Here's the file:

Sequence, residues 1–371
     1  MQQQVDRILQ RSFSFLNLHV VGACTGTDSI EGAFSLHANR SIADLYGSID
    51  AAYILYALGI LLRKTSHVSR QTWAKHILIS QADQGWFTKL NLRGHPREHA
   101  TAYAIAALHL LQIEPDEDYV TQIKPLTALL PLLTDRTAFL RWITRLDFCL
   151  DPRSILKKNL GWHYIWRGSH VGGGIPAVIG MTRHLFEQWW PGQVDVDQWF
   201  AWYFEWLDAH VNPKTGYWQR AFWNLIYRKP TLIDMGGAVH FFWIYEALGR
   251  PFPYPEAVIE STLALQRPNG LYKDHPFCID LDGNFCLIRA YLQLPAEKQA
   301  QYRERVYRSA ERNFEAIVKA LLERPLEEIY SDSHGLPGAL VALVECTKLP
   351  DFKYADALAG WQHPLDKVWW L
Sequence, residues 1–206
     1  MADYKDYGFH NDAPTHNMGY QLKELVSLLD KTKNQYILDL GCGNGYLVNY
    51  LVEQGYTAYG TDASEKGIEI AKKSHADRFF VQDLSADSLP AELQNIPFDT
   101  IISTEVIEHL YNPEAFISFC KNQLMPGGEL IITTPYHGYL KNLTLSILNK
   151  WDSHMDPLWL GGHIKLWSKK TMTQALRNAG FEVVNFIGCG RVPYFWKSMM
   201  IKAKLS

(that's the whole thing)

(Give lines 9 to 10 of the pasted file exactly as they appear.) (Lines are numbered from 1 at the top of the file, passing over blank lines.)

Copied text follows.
   351  DFKYADALAG WQHPLDKVWW L
Sequence, residues 1–206